Parents and other relations can contribute superannuation on behalf of children of up to $3,000 over 3 years

Comment – This is novel because until now Superannuation has been linked with employment. There is no tax advantage for you in making contributions for your children. However your children will benefit from the impact of compound interest. Putting a small amount in early saves having to put in a much larger amount later in life.

Requirement for quarterly Super Guarantee contributions 

Comment – 1st proposed by unions this change ensures that you lose no more than a quarter of a year’s super if your company goes belly up – not a big issue for the public sector. However the government has done something sneaky that will disadvantage casual employees who work for different employers each month. Previously an employer had to pay super guarantee for any employee that they paid more than $450 a month. Now they only have to pay it if they pay more than $1,350 a quarter. Although this is the same amount per month it disadvantages casuals who may earn more than $450 in a particular month but less than $1,350 per quarter from any one employer. 

In theory this should not be a problem in the NSW public sector because FSS requires ALL employees to be paid compulsory employer contributions regardless of how much they earn per month/quarter. Unfortunately not all agencies know this. To help stop the casualisation of the workforce you can check to see that your agency is not getting casuals on the cheap. The PSA could do more to publicise the fact that staff who receive less than $450 per month (or $1,350 a quarter under the proposed changes) are still entitled to employer contributions.

Allowing temporary residents to access their superannuation benefits after departing Australia from 1 July 2002

Comment – Mainly designed for short term executives from overseas. This measure will also benefit the backpackers who seem to be occupying more and more temporary positions in the public sector. They will have a choice of paying full tax to get their super or preserving it within the concessionally taxed environment till retirement like the rest of us.

Employers must notify employees of the amount and destination of compulsory contributions

Comment – This was another union suggestion. Check your payslip. If your agency doesn’t already comply then take this up via your Joint Consultative Committee.

$28.7 million budgeted for a ‘choice of funds’ information campaign 

Comment – This is an extraordinarily large amount of money for what is essentially a propaganda exercise. This initiative is driven by the Coalition’s ideological hatred of the not for profit industry schemes which have equal employer and union representation. The Coalition wants to boost the fortunes of their mates in the financial institutions who run retail super schemes (with higher fees and commissions). NSW public sector employees are already permitted to have their super guarantee contributions directed to their fund of choice. The legislation is unlikely to get through the Senate unless the Coalition sweet-talks the Democrats.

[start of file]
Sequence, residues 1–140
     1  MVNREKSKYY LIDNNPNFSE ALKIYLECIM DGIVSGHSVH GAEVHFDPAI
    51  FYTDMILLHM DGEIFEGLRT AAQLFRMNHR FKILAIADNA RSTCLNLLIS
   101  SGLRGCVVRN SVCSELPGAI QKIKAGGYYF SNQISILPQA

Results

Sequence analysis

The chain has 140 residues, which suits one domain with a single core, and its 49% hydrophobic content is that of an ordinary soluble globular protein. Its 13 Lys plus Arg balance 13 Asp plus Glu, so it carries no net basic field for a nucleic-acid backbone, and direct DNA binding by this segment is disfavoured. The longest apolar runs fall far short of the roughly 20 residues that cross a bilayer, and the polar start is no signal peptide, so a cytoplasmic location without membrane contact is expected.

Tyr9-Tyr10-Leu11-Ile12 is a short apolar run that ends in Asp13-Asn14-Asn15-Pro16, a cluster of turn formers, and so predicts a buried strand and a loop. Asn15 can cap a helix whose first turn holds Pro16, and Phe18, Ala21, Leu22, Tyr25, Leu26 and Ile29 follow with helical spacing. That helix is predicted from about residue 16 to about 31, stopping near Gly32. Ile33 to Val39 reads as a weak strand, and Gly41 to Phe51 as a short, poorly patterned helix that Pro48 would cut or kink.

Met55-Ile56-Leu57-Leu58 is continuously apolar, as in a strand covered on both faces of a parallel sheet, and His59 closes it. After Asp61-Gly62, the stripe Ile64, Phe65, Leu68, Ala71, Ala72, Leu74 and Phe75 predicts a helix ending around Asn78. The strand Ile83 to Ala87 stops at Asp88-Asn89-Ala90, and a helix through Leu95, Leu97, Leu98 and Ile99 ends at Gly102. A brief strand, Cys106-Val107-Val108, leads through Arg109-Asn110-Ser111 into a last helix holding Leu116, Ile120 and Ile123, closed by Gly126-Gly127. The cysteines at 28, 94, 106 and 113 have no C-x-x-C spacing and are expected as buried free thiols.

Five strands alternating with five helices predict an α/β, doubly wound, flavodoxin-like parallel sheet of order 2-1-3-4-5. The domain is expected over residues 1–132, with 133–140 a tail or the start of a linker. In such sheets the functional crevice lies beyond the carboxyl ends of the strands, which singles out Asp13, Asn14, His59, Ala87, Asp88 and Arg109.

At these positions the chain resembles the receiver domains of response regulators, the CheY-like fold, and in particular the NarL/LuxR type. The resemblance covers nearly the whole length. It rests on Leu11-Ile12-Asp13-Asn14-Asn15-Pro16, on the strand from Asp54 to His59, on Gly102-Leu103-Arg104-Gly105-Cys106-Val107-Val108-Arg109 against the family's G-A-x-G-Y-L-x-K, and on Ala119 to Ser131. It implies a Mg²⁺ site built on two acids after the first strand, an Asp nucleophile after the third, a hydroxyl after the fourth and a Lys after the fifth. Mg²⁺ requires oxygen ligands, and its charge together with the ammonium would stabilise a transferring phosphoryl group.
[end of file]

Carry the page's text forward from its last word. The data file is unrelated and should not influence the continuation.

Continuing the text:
Continuing super contributions to age 75

Comment - However, you will not be eligible for a tax deduction on your contributions and employers will not be required to make compulsory super contributions for workers over 70.

Want to know more?
Check the Super sections of the budget papers:
Revenue Measure (where they save $)
Expenditure Measures (where they spend $)

The information in this article is not financial advice.

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Other Super Stories 

2002 Negative Returns

2002 Changes to Super

Super Wins for Casuals

Super & Labour Standards  

UK Super Activism

Super Redistributes Wealth

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Did you know?
Did you know that it was an official from another union that won our super members the right to be covered by the ACTU’s Call Centre Code? The Fire Brigade Employees' Union's Simon Flynn secured the win for staff in the Superannuation Administration Corporation (now trading under the name Pillar). 

Simon was quoted in Workers Online as saying “I don't see why other union reps on state boards can't do the same". We agree.

Did you know?
Did you know that the PSA’s General Secretary is a Trustee of First State Super (FSS). When was the last time you heard him report on what your retirement funds are being used for?

The Progressive PSA brings together rank and file trade union activists in the Public Service Association of New South Wales and the CPSU (SPSF Branch).